How to Allow MySQL remote connections in Ubuntu Server 18.04
This tutorial explains how to allow remote connections to the MySQL/MariaDB server on Ubuntu 18.04. The default behavior of the Ubuntu MySQL Server blocks all remote connections. Which prevent us from accessing the database server from the outside.
Note that to allow mysql remote connections we need to edit the MySQL main configuration file. If you are using MariaDB Database server, configuration file going to be "/etc/mysql/mariadb.conf.d/50-server.cnf", If you have installed MySQL Database server configuration file is: "/etc/mysql/mysql.conf.d/mysqld.cnf".
Open the /etc/mysql/mariadb.conf.d/50-server.cnf file (or /etc/mysql/mysql.conf.d/mysqld.cnf).
sudo vim /etc/mysql/mariadb.conf.d/50-server.cnf
Under the [mysqld] section, locate the line:
bind-address = 127.0.0.1
And change it to:
bind-address = 0.0.0.0
Save the configuration file, and restart the MySQL server:
sudo systemctl restart mariadb
sudo systemctl restart mysql
Run the netstat command and make sure that mysql server listen on socket 0 0.0.0.0:3306.
sudo netstat -tulnp | grep mysqld
The output should be similar to the following:
tcp 0 0 0.0.0.0:3306 0.0.0.0:* LISTEN 622/mysqld
How it works..
By default the mysql daemon on Ubuntu 18.04 is only listening for connections on localhost (127.0.0.1), which mean you cannot login to the server from a remote computer. This setting is controlled by the bind-address in the MySQL/MariaDB configuration file. By default it is set to: "bind-address = 127.0.0.1" which prevents other hosts from accessing our mysql server.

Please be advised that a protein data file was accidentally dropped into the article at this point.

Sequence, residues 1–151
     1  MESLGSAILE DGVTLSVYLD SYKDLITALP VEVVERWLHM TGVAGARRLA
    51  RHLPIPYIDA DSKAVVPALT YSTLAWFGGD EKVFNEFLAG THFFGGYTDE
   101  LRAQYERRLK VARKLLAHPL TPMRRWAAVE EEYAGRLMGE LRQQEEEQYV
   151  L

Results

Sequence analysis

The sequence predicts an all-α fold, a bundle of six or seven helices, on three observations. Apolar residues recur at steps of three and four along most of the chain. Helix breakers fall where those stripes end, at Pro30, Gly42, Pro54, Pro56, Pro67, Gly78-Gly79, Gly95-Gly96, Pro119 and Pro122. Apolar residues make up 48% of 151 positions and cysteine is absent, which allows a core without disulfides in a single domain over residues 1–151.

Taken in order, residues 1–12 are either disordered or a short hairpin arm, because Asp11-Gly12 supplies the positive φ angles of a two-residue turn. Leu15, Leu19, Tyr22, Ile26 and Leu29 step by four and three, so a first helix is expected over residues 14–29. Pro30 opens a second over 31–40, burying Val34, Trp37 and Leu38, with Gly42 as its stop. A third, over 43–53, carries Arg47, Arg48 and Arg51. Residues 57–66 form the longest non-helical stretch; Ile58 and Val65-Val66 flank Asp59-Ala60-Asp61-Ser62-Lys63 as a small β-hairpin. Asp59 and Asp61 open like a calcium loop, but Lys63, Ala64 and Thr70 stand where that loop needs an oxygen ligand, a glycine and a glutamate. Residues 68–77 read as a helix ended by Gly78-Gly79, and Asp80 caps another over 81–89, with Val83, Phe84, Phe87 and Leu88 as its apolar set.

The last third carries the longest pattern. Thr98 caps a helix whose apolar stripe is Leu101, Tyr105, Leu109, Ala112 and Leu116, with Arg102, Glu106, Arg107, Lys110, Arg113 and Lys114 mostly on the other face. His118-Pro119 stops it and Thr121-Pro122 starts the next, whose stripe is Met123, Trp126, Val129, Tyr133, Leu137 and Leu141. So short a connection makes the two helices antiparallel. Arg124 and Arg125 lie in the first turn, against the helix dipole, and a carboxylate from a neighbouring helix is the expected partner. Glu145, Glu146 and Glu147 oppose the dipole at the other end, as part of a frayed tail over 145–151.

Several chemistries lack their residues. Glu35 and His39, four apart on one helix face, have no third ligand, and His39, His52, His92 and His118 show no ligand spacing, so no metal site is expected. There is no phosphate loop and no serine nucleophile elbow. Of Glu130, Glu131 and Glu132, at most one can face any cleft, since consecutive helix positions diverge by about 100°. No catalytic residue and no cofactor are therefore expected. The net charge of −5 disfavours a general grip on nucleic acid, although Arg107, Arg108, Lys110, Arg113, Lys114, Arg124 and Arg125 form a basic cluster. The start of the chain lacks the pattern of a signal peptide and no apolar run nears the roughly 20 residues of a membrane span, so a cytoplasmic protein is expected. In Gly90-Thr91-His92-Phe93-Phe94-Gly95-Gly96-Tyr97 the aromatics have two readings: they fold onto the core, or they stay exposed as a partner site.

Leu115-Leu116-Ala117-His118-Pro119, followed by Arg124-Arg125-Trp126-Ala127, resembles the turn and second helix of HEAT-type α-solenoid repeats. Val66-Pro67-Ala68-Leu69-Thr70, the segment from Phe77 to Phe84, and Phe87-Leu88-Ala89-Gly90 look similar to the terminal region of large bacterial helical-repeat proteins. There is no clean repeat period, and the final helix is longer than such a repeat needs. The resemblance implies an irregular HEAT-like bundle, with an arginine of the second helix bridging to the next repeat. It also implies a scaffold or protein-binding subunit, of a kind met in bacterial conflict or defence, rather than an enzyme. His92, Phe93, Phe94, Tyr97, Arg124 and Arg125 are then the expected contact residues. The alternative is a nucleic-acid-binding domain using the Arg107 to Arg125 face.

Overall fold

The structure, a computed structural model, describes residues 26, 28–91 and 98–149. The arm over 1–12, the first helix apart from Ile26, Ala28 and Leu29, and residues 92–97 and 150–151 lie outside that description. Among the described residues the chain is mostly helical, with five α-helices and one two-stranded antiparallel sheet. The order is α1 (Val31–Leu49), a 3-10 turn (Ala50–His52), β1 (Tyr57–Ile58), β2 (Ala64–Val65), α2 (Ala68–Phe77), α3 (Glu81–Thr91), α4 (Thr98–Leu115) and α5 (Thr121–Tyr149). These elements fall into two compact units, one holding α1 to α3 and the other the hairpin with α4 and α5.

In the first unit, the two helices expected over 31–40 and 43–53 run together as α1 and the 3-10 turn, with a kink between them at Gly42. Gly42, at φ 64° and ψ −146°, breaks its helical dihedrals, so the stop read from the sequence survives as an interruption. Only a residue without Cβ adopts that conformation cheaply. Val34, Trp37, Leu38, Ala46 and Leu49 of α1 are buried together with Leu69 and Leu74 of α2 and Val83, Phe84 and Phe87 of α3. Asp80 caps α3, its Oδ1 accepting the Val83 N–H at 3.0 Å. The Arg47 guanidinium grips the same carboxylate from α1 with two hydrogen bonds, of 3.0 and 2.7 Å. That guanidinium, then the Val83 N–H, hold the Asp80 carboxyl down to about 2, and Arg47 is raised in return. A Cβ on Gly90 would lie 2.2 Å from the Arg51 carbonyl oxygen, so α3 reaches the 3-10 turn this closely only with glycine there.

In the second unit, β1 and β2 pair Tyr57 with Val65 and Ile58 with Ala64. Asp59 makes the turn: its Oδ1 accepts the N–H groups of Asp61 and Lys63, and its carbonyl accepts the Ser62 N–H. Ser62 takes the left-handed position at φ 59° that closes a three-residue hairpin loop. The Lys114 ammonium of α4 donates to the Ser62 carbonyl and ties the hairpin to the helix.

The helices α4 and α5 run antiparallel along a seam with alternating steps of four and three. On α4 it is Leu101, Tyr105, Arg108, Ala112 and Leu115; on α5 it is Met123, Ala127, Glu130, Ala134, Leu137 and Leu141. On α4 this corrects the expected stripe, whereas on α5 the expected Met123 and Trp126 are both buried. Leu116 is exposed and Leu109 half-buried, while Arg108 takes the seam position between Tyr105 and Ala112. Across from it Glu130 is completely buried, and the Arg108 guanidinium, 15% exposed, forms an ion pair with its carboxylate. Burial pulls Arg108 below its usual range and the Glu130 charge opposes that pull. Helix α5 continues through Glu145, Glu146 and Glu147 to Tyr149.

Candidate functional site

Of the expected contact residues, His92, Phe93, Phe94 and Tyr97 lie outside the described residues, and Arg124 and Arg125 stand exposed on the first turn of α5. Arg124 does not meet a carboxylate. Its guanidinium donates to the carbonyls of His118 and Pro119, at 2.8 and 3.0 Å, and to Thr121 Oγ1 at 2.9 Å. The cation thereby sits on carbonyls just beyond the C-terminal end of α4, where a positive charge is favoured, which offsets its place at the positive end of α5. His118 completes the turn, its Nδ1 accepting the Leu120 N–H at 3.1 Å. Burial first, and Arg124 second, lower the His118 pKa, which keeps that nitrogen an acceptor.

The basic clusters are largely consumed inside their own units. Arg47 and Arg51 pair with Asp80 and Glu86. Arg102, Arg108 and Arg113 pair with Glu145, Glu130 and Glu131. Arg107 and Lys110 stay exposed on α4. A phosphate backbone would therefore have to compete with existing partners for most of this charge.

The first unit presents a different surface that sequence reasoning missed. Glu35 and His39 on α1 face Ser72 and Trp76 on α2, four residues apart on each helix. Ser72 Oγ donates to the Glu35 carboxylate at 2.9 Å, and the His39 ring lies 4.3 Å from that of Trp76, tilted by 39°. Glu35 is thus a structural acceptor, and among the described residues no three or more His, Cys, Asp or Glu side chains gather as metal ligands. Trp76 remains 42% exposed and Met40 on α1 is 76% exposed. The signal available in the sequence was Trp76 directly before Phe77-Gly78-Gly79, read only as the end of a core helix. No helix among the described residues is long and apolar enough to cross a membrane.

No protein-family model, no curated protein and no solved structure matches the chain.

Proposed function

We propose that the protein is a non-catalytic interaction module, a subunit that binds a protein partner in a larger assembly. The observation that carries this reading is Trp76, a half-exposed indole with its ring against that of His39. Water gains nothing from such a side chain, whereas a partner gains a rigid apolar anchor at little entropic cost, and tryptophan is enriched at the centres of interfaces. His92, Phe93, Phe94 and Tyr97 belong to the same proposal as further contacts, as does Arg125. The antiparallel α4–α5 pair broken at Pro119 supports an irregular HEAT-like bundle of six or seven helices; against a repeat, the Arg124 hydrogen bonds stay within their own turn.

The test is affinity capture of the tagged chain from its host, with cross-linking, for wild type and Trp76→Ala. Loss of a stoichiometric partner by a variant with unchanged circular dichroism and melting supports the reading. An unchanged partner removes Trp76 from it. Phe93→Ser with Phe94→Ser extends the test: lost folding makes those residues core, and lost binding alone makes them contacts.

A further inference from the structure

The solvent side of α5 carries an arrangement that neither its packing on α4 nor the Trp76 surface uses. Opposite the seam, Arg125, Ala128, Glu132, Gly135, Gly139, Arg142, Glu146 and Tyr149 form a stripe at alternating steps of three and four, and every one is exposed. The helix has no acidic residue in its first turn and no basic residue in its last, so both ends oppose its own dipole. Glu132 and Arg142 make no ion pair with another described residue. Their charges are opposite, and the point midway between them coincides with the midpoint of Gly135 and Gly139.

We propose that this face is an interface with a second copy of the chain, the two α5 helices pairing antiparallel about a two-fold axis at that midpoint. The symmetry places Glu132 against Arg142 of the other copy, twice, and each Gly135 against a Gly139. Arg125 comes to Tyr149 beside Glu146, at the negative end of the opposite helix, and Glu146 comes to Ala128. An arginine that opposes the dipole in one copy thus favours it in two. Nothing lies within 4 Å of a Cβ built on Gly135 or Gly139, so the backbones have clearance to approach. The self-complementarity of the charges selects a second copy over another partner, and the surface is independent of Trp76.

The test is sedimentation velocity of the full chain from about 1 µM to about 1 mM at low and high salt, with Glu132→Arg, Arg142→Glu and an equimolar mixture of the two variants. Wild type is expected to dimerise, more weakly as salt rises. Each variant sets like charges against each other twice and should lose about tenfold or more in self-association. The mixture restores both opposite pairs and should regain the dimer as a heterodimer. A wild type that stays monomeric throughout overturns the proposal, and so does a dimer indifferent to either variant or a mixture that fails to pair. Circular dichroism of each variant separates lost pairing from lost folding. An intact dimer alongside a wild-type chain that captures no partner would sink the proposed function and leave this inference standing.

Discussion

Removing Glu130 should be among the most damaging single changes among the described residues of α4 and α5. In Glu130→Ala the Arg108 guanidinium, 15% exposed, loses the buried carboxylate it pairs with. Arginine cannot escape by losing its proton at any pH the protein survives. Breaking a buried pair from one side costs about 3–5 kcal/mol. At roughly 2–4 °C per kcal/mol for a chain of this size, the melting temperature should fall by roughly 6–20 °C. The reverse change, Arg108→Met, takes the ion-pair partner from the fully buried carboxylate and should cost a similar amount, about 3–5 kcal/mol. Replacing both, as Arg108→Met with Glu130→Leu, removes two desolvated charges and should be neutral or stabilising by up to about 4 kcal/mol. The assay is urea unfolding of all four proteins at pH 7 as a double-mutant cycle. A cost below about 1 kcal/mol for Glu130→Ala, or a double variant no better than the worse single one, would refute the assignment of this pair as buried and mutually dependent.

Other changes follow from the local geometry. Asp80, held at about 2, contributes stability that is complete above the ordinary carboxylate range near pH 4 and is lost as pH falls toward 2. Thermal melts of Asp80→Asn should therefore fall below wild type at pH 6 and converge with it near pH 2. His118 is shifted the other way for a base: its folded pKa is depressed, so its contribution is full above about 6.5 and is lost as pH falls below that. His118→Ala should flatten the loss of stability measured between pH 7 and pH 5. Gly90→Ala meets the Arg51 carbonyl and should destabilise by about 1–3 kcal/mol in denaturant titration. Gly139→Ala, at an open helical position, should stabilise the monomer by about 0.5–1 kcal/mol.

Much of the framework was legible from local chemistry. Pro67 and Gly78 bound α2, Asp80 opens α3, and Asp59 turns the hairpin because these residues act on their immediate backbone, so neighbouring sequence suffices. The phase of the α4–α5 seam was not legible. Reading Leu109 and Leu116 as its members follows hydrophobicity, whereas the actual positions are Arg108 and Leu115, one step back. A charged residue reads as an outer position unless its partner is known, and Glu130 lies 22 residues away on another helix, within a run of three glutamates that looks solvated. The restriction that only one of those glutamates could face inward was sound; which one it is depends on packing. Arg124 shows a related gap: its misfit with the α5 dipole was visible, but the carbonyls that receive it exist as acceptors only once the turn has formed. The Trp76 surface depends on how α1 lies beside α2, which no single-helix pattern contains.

To allow remote access, we changed the value of the bind-address to: "0.0.0.0".
bind-address = 0.0.0.0
By changing value to 0.0.0.0, we instruct MySQL to bind to all available interfaces and by doing that we allow remote connections to the MySQL Server on Ubuntu 18.04.
Open port 3306 from Ubuntu Firewall
UFW firewall is disabled by default in Ubuntu 18.04, so you don't have to worry about opening mysql port 3306 if you didn't enable UFW.
But if have enabled UFW then it will block the mysql remote access, so you need to add firewall rule to open the port 3306.
sudo ufw allow 3306/tcp
Click the following link to learn more about UFW Ubuntu Firewall.
From a another Linux machine, you can run nmap against your server IP to check whether port 3306 is open or not.
Create Remote MySQL user and grant remote access to databases
Now that our MySQL server allows remote connections, we still need to have a mysql user that is allowed to access the server from outside the localhost. To create a mysql user that is allowed to connect from any host, login in the MySQL console and run:
CREATE USER 'username'@'%' IDENTIFIED BY 'new-password'; FLUSH PRIVILEGES;
Then you can grant access to databases using the GRANT ALL command:
GRANT ALL PRIVILEGES ON dbname.* TO 'username'@'%';
If you want to grant access to all databases on the server, run:
GRANT ALL PRIVILEGES ON *.* TO 'user'@'%';
If you want to create a user that is only allowed to login from a specific host, replace '%' with host IP or domain name when creating the user.
CREATE USER 'username'@'192.168.1.200' identified by 'new-password';
To test the connection, try to access the MySQL server from a remote computer:
mysql -h 192.168.1.100 -u username -p
Here 192.168.1.100 is the IP address of my Ubuntu Server where MySQL server is running.
Note that, enabling remote connections to MySQL server is not good practice from a security standpoint. So don't expose your database server to outside unless you must, especially in a production environment.